Casino Watch Focus has reported on the ongoing developments of the Department of Justice’s decision to restore the wire act to its long standing position that makes online gambling illegal. Many states have an eye on the developments as legal action was threatened by New Jersey and New Hampshire. The topic is also of interest in Florida where many are curious how gambling legislation will move forward in the wake of the Voters in Charge gambling bill being passed that requires statewide voter approval for gambling expansion. The most well know issue centers around sports betting, but online gambling is also of interest. To that extent, a bill is moving forward in the Florida legislature to end the practice of online lottery sales before it gets off the ground. An online source reports:
Florida does not sell lottery tickets over the internet — and if a bill passed Wednesday by the House Gaming Control Subcommittee becomes law, it never will.
While New Hampshire has sued the Department of Justice in a bid to protect the revenues it derives from its online lottery operations, State Rep. Will Robinson (R-Bradenton) wants to the option taken off the table entirely.
The main aim of Robinson’s bill — which was advanced by the committee in a 10-1 vote — is to shut out third-party websites that claim affiliation with the state lottery but actually just buy tickets and mark up prices.
The bill would ban the use of personal electronic devices for the sale and purchase of tickets, ensuring that every ticket sale involves a transaction between a store and an in-person buyer.
“These fraudulent websites are, in my view, illegally advertising when they are not related to the lottery system at all,” he told /Florida Politics/ earlier this week. “The lottery is significantly regulated and that’s for a purpose … The state of Florida wants to make sure the right thing is being sold.”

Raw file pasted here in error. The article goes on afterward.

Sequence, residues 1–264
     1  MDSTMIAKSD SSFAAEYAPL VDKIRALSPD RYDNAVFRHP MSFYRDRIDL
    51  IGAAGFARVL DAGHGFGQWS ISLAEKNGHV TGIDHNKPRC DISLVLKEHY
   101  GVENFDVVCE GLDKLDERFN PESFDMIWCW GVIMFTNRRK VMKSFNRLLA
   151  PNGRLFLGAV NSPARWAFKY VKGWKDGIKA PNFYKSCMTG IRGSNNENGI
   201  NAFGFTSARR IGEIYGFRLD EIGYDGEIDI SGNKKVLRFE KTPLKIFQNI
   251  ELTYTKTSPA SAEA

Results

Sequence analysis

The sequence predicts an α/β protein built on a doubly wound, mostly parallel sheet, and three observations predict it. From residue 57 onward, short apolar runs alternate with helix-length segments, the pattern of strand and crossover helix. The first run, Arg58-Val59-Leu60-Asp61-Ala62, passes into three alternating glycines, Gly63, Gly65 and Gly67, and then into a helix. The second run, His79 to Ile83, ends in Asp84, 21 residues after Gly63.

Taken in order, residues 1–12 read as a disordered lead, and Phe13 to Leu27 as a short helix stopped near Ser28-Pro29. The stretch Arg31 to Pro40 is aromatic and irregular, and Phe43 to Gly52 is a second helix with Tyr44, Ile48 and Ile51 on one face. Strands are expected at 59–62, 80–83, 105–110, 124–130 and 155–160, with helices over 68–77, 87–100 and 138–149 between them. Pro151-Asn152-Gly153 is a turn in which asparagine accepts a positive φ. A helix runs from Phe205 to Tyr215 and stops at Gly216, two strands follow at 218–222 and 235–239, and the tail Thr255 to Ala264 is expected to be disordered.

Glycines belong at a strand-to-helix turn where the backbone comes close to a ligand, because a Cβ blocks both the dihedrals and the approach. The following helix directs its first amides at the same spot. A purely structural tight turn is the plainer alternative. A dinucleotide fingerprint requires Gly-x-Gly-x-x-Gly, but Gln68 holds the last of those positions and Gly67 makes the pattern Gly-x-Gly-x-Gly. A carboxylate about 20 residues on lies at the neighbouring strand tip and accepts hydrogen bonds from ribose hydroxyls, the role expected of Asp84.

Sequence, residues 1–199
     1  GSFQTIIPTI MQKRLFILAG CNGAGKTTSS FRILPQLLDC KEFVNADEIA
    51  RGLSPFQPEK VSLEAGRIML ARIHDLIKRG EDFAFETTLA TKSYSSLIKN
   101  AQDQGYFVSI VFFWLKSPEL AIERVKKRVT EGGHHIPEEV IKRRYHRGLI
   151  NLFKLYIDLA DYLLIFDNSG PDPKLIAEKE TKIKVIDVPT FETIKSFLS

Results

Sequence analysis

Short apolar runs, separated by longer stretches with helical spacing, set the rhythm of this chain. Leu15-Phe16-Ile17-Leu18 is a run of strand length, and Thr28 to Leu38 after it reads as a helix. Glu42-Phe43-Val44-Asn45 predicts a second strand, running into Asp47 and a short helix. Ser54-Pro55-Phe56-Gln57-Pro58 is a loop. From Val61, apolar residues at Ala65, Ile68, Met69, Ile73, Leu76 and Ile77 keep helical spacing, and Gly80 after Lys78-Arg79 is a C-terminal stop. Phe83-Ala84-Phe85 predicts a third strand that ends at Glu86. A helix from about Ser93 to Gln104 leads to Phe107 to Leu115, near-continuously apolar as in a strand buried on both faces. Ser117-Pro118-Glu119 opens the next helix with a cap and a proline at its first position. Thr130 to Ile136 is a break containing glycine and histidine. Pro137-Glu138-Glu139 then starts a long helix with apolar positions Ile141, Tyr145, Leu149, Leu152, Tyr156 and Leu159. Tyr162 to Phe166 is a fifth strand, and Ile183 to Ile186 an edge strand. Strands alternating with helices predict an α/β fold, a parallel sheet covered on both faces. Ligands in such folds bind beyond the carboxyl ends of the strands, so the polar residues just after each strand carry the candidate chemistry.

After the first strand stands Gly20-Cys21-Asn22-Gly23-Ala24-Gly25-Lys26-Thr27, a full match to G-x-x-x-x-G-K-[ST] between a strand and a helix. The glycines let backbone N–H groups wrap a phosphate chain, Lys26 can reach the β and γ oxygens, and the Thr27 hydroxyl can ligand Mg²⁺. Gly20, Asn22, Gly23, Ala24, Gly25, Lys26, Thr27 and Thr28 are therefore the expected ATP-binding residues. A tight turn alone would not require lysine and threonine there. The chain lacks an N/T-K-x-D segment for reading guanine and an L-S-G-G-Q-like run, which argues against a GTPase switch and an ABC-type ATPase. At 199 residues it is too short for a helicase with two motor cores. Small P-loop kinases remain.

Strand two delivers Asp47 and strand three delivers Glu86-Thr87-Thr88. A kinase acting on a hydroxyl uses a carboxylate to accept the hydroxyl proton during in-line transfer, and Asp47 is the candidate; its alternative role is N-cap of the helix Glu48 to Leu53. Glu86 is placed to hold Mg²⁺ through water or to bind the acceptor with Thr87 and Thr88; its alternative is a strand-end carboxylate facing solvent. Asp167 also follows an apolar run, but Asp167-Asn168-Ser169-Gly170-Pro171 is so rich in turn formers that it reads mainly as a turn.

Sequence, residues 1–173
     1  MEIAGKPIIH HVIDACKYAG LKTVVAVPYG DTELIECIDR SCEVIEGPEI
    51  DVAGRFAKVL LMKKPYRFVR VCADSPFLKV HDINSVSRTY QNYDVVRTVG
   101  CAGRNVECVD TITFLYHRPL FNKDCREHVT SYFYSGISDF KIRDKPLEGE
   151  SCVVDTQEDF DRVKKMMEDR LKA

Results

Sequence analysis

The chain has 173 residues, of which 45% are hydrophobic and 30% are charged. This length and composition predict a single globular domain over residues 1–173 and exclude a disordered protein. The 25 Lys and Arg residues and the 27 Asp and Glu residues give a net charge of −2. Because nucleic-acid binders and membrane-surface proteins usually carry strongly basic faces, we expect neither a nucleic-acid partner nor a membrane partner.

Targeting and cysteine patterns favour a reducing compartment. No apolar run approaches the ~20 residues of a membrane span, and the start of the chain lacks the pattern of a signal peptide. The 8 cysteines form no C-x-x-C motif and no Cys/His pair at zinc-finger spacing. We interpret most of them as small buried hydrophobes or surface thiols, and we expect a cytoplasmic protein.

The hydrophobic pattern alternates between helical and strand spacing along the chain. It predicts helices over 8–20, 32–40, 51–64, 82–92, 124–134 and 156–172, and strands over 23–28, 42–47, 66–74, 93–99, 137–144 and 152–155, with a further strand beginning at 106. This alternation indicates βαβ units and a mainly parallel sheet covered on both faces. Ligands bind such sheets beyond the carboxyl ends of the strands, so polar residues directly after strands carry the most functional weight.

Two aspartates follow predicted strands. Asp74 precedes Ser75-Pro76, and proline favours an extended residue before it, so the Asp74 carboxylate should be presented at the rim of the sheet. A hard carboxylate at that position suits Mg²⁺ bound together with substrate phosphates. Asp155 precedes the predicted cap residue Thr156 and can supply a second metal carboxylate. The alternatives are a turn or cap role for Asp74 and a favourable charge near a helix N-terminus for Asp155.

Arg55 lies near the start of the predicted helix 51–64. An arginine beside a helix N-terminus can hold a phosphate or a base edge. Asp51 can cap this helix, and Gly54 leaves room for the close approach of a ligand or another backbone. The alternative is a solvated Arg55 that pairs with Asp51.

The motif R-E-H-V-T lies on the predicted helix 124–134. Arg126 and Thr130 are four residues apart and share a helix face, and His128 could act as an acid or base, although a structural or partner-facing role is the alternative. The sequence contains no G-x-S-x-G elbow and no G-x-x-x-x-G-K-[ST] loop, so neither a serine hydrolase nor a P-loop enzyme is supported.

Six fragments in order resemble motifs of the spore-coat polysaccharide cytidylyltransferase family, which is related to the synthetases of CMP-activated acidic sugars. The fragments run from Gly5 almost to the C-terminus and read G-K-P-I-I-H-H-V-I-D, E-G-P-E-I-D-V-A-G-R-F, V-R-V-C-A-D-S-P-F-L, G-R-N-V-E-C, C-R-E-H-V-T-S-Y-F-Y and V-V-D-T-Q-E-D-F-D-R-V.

The bill’s intent goes beyond just selling tickets online however. The Rep. Will Robinson Jr believes people should truly understand how very unlikely the changes of winning the lottery are for would be gamblers. He has proposed additional warnings placed on physical tickets. The Tampa Bay Times explains:
Debate about a bill that would require warnings on lottery tickets quickly turned into a debate on Wednesday about whether anyone in Florida is actually addicted to lottery games, with one lawmaker blasting it as “deceptive.” The bill (HB 629) by state Rep. Will Robinson, Jr., R-Bradenton, would add two warnings to the front of every lottery ticket:
“WARNING: PLAYING A LOTTERY GAME CONSTITUTES GAMBLING AND MAY LEAD TO
ADDICTION AND/OR COMPULSIVE BEHAVIOR.”
And, “THE CHANCES OF WINNING A BIG PRIZE ARE VERY LOW.”
Under the bill, those two warnings would take up 10 percent of the face of every lottery card, and they would be required in every Florida Lottery advertisement, including those on television.
But state Rep. Emily Slosberg, D-Boca Raton, grilled Robinson during a House Gaming Control Subcommittee meeting about whether he knows of anyone addicted to lottery games. Robinson he didn’t know of any personal examples, but he pointed to news articles out of state. That led Slosberg to come out strongly against the bill.
How many people might be addicted to the games is unclear. But the numbers show that some Floridians spend a staggering amount each year on lottery tickets. Last year, the Florida Lottery sold $6.7 billion in tickets — nearly $400 in tickets for every adult in the state. (The figure doesn’t include tourists, some of whom also play.) And while the Florida Lottery does post the number to a gambling addiction hotline on its website, it doesn’t say anything on its tickets. State Rep. Randy Fine, R-Palm Bay, who used to run a casino consulting company in Las Vegas, disagreed with Slosberg. “The research proves that there are people that become addicted to gambling, and whether it’s 1 percent or 5 percent, people do at times become susceptible to this,” he said. “I know this from my prior life.”
The bill passed the House Gaming Control Subcommittee with only Slosberg voting against it.
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